Online dating service eHarmony is not exactly known for pushing the envelope in its ad campaigns. The testimonial style commercials – featuring happy couples who met through the service – carefully avoid showing interracial couples or any individual with any accent Americans would regard as “foreign”. One happy male member of a couple tells the story of how his beloved planted a big, sloppy kiss on him immediately upon meeting him – she acts horrifically embarrassed, like a nice girl would, and he corrects himself and calls the kiss a peck on the cheek.
Okay, so no question they’re going for a heartland, middle American, “nice girls don’t” sort of vibe. It’s exclusionary toward those who don’t fit that mold, or don’t care to, but on the other hand it doesn’t directly make fun of them. And at least they do feature some couples who aren’t white.
The new campaign comes a little closer to crossing that line, though. It shows discouraged men out on dates with women we’re supposed to interpret as crazy or obnoxious, because the text following our introduction to them asks if you’re “tired of bad dates”? Sure, who isn’t? Unfortunately, there is no commercial that shows a weary woman out on a date with Mr. “But Enough About Me, Let’s Talk About Me”, Mr. “Insurance Sales Is An Exciting Field”, Mr. “Have You Found the Love of Jesus Yet?”, or Mr. “I Hated Mama Because After Working 60 Hours a Week to Supplement Daddy’s Gambling Losses She Didn’t Always Have My Dinner On Time”. Either they don’t want my money, or they assume I’ll just set myself aside and relate to the man. After all, as a woman I’ve been conditioned to set myself aside for hundreds of years.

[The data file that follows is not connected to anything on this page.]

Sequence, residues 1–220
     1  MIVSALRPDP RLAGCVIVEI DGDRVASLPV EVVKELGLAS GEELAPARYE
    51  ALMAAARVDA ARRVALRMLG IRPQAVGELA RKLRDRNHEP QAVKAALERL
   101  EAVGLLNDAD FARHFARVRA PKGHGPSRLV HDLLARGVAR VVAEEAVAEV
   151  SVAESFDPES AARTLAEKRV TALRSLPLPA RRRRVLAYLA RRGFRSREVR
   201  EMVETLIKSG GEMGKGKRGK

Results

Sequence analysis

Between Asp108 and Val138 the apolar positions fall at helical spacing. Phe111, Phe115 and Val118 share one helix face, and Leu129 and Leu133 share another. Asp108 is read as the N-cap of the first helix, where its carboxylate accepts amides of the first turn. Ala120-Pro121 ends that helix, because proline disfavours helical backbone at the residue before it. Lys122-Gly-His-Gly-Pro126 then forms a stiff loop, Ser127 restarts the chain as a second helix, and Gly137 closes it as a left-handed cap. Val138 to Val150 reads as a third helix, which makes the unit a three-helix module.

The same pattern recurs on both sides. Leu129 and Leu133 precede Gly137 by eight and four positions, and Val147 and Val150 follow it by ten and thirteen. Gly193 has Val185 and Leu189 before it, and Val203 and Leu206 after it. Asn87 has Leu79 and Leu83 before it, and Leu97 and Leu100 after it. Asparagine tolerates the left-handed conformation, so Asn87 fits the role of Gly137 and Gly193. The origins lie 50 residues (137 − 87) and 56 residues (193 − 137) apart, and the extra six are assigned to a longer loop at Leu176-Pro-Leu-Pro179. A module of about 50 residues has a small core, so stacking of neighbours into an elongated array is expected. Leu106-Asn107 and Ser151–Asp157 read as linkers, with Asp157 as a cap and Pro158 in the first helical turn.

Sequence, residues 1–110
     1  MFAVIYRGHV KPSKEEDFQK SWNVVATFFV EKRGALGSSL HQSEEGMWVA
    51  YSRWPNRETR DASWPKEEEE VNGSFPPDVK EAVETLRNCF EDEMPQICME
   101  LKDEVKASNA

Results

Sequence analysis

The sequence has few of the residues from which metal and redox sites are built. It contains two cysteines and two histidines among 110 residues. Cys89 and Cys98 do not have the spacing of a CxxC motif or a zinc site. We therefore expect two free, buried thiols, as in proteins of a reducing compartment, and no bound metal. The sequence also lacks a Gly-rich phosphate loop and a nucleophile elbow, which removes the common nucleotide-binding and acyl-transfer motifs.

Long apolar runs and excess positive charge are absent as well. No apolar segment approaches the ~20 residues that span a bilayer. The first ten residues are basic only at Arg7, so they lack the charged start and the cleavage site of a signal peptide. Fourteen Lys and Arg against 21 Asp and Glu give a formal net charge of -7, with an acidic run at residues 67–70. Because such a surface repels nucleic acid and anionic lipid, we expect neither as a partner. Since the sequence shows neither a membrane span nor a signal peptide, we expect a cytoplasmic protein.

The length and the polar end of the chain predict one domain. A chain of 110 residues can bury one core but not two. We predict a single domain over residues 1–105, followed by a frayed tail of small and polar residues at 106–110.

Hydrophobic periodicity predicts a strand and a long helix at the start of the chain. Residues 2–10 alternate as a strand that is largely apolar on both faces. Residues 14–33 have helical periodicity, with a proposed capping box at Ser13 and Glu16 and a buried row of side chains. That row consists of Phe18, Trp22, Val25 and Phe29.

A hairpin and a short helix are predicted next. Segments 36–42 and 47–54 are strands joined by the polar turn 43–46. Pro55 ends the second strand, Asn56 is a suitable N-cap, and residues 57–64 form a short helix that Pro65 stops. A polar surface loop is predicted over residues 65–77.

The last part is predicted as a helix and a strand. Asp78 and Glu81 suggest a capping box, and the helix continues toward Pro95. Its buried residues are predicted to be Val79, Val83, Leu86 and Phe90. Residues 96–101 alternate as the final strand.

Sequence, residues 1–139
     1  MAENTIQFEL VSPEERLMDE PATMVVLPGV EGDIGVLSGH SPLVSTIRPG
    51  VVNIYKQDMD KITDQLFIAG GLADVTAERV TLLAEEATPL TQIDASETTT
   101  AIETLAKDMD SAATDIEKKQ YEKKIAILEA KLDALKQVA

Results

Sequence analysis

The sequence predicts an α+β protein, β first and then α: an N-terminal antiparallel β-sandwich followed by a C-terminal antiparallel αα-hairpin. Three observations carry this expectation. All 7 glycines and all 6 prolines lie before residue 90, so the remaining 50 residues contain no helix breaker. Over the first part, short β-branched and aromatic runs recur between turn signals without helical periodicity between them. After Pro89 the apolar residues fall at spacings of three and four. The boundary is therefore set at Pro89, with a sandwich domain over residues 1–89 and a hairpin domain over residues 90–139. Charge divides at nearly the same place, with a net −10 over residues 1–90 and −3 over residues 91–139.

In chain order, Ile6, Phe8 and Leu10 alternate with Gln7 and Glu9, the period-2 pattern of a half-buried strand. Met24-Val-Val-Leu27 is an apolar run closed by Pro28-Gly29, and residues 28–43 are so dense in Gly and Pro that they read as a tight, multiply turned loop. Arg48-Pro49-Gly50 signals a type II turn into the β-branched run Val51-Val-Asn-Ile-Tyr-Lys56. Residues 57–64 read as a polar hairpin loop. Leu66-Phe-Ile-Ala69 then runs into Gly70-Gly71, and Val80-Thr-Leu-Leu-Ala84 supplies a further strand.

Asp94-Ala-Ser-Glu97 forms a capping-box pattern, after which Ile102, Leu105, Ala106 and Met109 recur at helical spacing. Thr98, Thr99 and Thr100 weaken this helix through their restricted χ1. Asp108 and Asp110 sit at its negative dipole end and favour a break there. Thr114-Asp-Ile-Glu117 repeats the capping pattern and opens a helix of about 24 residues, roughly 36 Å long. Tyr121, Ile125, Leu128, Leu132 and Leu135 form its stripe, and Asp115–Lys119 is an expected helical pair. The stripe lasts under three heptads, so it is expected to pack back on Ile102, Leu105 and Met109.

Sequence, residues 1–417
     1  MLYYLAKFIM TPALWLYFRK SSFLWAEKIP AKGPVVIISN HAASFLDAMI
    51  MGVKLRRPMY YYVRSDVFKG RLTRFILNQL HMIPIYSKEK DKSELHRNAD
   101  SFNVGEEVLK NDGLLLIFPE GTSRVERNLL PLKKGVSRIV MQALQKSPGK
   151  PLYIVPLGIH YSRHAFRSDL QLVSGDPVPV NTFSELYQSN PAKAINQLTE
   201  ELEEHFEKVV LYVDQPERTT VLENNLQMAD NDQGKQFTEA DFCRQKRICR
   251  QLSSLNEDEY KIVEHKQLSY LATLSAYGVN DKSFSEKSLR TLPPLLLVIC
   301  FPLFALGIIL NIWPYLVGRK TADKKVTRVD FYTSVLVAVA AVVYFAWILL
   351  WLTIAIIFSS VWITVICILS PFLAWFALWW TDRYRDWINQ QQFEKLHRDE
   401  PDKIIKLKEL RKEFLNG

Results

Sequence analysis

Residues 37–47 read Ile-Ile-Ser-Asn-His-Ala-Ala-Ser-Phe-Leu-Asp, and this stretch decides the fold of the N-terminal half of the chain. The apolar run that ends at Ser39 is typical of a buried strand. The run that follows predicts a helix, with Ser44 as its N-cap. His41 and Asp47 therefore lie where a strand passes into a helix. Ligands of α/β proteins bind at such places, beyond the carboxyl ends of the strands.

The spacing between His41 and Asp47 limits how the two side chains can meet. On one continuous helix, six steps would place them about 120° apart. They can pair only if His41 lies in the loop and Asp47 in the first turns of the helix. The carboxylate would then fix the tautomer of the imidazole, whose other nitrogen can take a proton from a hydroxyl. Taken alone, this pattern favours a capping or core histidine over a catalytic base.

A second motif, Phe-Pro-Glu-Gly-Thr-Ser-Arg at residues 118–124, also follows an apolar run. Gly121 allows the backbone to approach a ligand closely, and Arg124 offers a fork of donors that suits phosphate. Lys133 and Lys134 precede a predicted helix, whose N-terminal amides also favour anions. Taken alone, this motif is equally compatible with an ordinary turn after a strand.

And what about these obnoxious crazy women? Unfortunately, I can’t find these ads online and I can’t recall every second by heart. I do remember that one of the women wanted to discuss a fun topic: magic! I guess being a Wiccan or pagan would be enough to qualify you as a “bad date” on such a red state kind of service. I can’t help but think it could just as easily have been, “But let’s talk about a fun topic: Jesus!” Except Wiccans are a safer group to make fun of: they don’t have armies of lawyers and press agents ready to fight their every perceived oppression at every turn.
Another ad features a chatterbox woman who farts at the dinner table, only to be ordered by her date to “get out of my house!”. Nice girls don’t fart: their inner purity somehow enables them to control that involuntary bodily function for your convenience. Naughty girls who do fart may be considered hostile invaders and ejected from your home. (To be clear, the woman is obnoxious – but somehow I think the Nice Girl rules eHarmony subscribes to would prevent them from showing a commercial in which a woman threw a man out of her house for farting. Nice girls don’t throw people out on the street.)
It’s far from the most unfair portrayal of women I’ve ever seen, but I find these commercials a good example of the male gaze. Of how marketing often relies on a woman’s willingness to see the world through male eyes and translate it to the female, rather than expecting the ad to speak directly to her needs. Of how “girls don’t”, or when they do we’re all supposed to lie about it (kissing a man on the first date) or feel entitled to get enraged (throwing out a woman who dares pass gas).